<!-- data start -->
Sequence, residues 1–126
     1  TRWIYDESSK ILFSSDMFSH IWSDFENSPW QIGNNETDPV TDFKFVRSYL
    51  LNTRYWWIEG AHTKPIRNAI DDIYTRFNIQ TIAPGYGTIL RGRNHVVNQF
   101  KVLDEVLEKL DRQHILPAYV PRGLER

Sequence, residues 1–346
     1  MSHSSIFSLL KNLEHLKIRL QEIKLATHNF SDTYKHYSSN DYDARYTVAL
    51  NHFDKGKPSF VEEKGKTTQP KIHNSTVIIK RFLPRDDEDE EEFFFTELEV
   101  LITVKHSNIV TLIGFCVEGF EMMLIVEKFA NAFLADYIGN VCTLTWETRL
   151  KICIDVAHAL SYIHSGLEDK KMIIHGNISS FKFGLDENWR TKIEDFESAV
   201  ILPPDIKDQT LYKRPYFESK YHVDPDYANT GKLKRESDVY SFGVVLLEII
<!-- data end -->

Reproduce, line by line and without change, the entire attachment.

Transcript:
Sequence, residues 1–126
     1  TRWIYDESSK ILFSSDMFSH IWSDFENSPW QIGNNETDPV TDFKFVRSYL
    51  LNTRYWWIEG AHTKPIRNAI DDIYTRFNIQ TIAPGYGTIL RGRNHVVNQF
   101  KVLDEVLEKL DRQHILPAYV PRGLER

Sequence, residues 1–346
     1  MSHSSIFSLL KNLEHLKIRL QEIKLATHNF SDTYKHYSSN DYDARYTVAL
    51  NHFDKGKPSF VEEKGKTTQP KIHNSTVIIK RFLPRDDEDE EEFFFTELEV
   101  LITVKHSNIV TLIGFCVEGF EMMLIVEKFA NAFLADYIGN VCTLTWETRL
   151  KICIDVAHAL SYIHSGLEDK KMIIHGNISS FKFGLDENWR TKIEDFESAV
   201  ILPPDIKDQT LYKRPYFESK YHVDPDYANT GKLKRESDVY SFGVVLLEII